Health Sex + Body Positivity

Breastfeeding Is NOT A Gendered Role, And Trans-Ness Is Challenging That!

Queering lactation helps us question the construct of maternity and the gendered and racial stigma that exists around breastfeeding.

Induced lactation to breastfeed young children has been an important medical breakthrough for parents of all genders. But this is especially queer-affirming, given that it helps adoptive parents as well as transgender parents connect with their children, through this incredibly intimate experience.

Induced lactation has been described as the process of milk production by a mammal without their becoming pregnant. This is often done through using herbs, supplements, medication, hormonal therapy, mechanical stimulation, as well as the infant.

In a world where breastfeeding is considered an important chapter of building intimacy and kinship as a mother, it can be incredibly desirable for certain people as well as dysphoric to others, depending upon their relationship with their gender identity, their body, and maternity. Despite the rigorous process and often an inability to produce adequate milk, most people who induce lactation to feed and connect with their child have reported feeling satisfied with the breastfeeding experience. It is also reported to help the child who may have separation trauma/anxiety from their natal parent, who have may have given away the child for adoption or may not have wanted to breastfeed the child for various reasons.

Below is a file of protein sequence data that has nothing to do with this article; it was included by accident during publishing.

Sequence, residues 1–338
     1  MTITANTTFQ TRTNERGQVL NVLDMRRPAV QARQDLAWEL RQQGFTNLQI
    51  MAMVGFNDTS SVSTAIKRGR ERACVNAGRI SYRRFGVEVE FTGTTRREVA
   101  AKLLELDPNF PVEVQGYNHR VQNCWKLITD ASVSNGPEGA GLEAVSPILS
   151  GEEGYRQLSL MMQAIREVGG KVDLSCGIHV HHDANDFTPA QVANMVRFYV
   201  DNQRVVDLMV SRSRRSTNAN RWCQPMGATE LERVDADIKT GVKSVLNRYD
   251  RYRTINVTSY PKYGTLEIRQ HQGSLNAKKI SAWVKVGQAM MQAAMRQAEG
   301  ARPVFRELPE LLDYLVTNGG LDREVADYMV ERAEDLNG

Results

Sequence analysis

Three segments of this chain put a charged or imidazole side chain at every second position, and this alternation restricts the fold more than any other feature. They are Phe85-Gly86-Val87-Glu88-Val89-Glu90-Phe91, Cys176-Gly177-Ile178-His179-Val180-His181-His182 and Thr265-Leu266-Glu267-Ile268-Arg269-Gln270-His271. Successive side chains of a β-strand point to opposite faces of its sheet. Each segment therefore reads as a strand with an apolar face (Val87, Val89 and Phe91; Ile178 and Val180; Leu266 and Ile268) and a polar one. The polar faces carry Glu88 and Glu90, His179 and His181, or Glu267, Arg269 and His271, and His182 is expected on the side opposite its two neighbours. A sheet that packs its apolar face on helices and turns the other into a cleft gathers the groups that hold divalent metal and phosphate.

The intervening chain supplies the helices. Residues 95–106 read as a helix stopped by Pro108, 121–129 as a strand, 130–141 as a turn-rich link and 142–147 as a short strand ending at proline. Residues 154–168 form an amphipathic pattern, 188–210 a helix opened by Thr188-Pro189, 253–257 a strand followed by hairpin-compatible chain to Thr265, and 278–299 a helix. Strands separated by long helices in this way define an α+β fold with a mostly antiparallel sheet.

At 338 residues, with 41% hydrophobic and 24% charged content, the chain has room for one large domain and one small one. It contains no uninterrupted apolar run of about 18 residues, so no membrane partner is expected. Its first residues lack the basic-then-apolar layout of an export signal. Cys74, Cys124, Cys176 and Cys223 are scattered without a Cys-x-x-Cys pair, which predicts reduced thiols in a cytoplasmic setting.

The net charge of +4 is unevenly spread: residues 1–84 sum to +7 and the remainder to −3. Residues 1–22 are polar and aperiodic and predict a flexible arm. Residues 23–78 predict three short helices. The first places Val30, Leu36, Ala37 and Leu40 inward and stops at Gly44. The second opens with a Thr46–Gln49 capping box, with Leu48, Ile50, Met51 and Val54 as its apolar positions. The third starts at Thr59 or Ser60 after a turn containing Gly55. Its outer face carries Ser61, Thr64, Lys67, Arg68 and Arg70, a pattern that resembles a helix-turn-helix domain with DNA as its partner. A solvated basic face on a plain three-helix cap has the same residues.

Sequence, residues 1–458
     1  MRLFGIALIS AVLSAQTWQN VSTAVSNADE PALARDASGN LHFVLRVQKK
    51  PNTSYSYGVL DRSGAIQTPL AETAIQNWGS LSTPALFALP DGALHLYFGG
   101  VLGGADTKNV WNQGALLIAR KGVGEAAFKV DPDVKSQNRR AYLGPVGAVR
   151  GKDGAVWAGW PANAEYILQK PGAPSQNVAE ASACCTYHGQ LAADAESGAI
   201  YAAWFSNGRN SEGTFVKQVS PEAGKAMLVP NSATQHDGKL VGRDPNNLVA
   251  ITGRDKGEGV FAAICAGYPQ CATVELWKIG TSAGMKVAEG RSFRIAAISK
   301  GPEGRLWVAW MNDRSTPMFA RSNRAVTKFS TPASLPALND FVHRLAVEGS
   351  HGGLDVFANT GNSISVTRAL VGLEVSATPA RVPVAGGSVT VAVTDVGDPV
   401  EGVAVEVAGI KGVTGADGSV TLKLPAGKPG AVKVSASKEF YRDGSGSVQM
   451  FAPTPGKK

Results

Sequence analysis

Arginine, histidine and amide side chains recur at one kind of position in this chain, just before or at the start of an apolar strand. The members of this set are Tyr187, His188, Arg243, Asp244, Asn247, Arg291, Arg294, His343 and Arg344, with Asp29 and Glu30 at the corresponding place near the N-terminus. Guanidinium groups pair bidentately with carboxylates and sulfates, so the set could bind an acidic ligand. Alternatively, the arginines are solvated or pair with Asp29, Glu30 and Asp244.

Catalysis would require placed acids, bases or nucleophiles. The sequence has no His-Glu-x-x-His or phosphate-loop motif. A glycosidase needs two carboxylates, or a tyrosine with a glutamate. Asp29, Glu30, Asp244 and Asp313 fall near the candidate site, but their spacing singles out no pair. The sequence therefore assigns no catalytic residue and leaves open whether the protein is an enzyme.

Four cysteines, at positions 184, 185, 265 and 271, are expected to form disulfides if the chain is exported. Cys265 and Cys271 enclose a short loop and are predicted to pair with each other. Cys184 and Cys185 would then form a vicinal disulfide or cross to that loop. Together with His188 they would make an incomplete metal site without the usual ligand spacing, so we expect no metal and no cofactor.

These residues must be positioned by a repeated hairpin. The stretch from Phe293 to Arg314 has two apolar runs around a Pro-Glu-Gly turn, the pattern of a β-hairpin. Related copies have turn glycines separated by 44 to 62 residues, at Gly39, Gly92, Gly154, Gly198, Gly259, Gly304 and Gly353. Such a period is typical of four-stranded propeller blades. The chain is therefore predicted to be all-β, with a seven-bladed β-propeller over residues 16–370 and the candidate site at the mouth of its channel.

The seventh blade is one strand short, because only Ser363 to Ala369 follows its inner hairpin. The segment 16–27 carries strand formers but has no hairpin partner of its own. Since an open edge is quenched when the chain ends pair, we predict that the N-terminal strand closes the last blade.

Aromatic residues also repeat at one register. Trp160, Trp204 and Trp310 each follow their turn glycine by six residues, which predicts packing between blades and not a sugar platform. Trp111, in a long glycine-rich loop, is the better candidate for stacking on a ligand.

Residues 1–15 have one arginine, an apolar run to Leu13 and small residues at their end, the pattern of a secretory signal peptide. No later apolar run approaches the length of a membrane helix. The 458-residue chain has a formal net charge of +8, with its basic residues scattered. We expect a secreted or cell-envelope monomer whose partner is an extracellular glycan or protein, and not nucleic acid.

In 2018, the first medically known instance of a transgender woman who induced lactation to feed her child, did so because her partner who gave birth did not feel so inclined. In 2002, reports emerged about a Sri Lankan cis-man who breastfed his children after his partner died in childbirth. According to a doctor at a Sri Lankan government hospital, it is possible for cis-men to produce milk if the prolactine hormone allowed for spontaneous lactation! Medical anthropologist Dana Raphael said that this could happen simply by stimulating the nipples (breast pumps can be used)and eminent endocrinologist, Robert Greenblatt, concurred. Certain medical conditions like a pituitary tumour and being on digoxin, a heart medication, could also allow for lactation. Starvation too, can cause spontaneous lactation and has been historically recorded as allowing men to breastfeed their children in oppressive conditions. In fact, this is one of the most important function of the nipples – a feature that is common to most people, regardless of their genital form or their gender identity.

Queering lactation helps us question the construct of maternity and the gendered and racial stigma that exists around breastfeeding. It is also anti-capitalist, because if people breastfed while staying agnostic to these gendered roles, then it could pose a challenge to a potentially US$100 billion industry that is built upon selling infant formula.

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Tejaswi is journalist and researcher whose attention is captured by post-colonial human relationships at a time of the Internet of Things. She can't wait to become a full-time potter soon, though!

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